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Management

Project charter for a fictitious

Preface/Abstract

The purpose of this document is to establish the project definition and define the deliverables, tasks, work to be performed and the approach regarding tools and methodology to accomplish the project.  The project organization will be mapped out through a hierarchical chart as well as a responsibility matrix to ensure everyone from the project champions to the customer know their roles and responsibilities throughout the project.  As will any project the triple constraint dilemma regarding time, resources and cost will be analyzed.  The ultimate result of this document is to provide the project scope, requirements related to success of the project and baseline the acceptance criteria needed to verify a successful project.  Within this document you will find the following:

  • What the Project encompasses
  • Benefits/Schedule/Cost Analysis
  • Scope
  • Objectives
  • Risks
  • Assumptions

Overview of the Project

Enterprise resource planning (ERP) is an approach to alleviate unnecessary business processes by reducing the amount of source and legacy systems into a wing-to-wing operating model which allows multi-directional data and information flow that is not available within the current configurations.  The span of impact is enterprise wide encompassing finance/accounting, manufacturing, sales, service, customer relationship management, supplier management, and human resources.

Purpose of the Project Charter

The purpose of this document is to establish the project definition and define the deliverables, tasks, work to be performed and the approach regarding tools and methodology to accomplish the project.  The project organization will be mapped out through a hierarchical chart as well as a responsibility matrix to ensure everyone from the project champions to the customer know their roles and responsibilities throughout the project.  As will any project the triple constraint dilemma regarding time, resources and cost will be analyzed.  The ultimate result of this document is to provide the project scope, requirements related to success of the project and baseline the acceptance criteria needed to verify a successful project.  Within this document you will find the following:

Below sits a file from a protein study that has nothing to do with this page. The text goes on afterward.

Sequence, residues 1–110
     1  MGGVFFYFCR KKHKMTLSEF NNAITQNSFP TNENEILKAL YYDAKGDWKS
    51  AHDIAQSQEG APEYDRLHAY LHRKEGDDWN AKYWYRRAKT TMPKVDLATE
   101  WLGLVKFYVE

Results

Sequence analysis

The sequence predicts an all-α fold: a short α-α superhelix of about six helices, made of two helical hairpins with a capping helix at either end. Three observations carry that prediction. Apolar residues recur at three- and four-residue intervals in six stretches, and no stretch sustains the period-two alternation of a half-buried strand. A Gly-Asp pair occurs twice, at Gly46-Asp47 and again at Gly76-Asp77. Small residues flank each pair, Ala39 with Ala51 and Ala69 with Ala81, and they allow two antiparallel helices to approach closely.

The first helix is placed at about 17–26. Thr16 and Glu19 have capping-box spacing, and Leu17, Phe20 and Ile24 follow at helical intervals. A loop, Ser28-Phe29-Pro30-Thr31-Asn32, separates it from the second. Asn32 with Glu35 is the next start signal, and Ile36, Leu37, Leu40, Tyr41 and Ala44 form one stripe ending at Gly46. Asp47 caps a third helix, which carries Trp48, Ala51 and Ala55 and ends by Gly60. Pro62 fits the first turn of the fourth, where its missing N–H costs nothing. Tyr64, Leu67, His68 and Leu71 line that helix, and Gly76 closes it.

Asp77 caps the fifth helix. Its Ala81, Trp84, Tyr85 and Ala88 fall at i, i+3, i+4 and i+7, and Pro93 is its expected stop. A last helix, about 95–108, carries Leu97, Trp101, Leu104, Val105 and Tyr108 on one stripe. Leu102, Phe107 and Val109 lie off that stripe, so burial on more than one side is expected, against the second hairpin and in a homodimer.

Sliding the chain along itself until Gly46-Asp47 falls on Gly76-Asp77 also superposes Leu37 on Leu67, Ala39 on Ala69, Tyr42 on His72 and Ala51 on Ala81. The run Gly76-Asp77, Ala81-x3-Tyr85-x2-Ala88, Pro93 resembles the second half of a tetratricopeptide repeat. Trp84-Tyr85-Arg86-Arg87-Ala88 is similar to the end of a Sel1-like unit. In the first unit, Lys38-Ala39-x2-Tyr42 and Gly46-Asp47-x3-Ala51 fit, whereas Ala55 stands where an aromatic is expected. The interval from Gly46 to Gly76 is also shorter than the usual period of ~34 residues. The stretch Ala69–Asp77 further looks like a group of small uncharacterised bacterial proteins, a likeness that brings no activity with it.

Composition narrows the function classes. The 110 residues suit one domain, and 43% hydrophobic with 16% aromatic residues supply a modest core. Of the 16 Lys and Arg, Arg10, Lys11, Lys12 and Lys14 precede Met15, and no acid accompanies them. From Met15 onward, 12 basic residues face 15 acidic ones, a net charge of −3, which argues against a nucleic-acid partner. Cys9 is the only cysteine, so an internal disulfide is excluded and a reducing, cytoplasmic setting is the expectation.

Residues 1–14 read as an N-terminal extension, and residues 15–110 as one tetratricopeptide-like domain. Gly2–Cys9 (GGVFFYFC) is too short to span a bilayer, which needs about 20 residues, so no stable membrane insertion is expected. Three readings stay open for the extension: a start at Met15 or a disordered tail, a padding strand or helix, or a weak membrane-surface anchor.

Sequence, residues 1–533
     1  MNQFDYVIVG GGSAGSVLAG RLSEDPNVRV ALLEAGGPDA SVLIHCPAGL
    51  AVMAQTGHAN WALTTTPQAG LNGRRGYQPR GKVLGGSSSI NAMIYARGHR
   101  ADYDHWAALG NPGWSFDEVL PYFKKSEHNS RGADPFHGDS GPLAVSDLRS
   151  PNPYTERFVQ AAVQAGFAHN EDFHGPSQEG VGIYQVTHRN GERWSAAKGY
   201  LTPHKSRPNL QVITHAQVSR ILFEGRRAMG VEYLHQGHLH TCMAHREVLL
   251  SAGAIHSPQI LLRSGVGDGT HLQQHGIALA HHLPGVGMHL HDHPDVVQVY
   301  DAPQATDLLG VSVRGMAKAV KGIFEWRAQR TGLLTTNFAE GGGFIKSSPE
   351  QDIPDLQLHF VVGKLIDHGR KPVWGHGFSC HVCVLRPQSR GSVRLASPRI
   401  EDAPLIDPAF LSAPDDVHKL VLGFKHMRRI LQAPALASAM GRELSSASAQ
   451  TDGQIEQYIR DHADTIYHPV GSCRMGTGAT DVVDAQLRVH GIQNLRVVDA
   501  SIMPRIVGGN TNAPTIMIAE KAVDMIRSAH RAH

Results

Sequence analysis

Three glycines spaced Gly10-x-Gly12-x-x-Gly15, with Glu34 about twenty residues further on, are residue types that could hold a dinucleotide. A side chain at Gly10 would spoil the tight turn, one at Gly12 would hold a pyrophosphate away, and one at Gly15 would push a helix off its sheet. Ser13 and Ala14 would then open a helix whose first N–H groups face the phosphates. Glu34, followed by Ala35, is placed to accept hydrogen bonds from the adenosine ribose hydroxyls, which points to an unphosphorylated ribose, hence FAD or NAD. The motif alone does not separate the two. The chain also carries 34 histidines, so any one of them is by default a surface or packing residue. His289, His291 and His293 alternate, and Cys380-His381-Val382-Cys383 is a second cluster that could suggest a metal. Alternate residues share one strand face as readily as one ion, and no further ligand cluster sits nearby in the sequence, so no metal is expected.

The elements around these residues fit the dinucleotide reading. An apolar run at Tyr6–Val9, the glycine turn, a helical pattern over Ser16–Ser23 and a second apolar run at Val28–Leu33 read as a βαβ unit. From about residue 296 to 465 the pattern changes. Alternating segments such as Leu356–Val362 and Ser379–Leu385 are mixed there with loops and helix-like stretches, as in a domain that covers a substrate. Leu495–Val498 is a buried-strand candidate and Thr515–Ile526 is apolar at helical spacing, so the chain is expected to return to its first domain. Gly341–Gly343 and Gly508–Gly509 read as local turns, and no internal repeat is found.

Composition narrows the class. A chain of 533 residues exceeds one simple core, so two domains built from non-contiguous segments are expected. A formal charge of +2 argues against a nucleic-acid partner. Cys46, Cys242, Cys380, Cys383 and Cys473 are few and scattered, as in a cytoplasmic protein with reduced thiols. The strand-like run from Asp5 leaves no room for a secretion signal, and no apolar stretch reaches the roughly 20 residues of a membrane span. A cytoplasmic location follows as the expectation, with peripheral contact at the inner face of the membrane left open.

• What the Project encompasses
  • Benefits/Schedule/Cost Analysis
  • Information on whether or not to accept the project
  • How the project fulfills strategic intents of the business
  • How the project aligns with the portfolio management strategy
  • Priority and Impact of the Project
  • Resource Needs regarding effort, capital and operating funding
  • Commitment needed from the organization

Project Objective and Scope

Purpose:

The purpose is to implement a wing-to-wing enterprise wide Enterprise Resource Planning program allowing all systems and employees to act as one team with one purpose.

Objectives:

Growth-A system that provides growth opportunities and is scalable with business needs.  This system will provide

Return on InvestmentThe return on investment for this program is estimated at 18% over the course of five (5) years.  This return on investment includes the estimated ROI for each section and module and does not include the cost avoidance or productivity increases.

Line of Sight to Data/Information for Key Performance MetricOn-demand reports, metrics and key performance indicators

Scope:

The Scope of ERP includes all functionality in all aspects of the business.  Each function will roll out on different schedules falling under the ultimate program of ERP.  The overall ERP program will have a project for each module as well as an integration of those modules into the entire ERP system.

Major Deliverables

  • Elimination of legacy systems
  • Wing-to-Wing integration
    • Procure to Pay Solution
    • Centralized Source of Data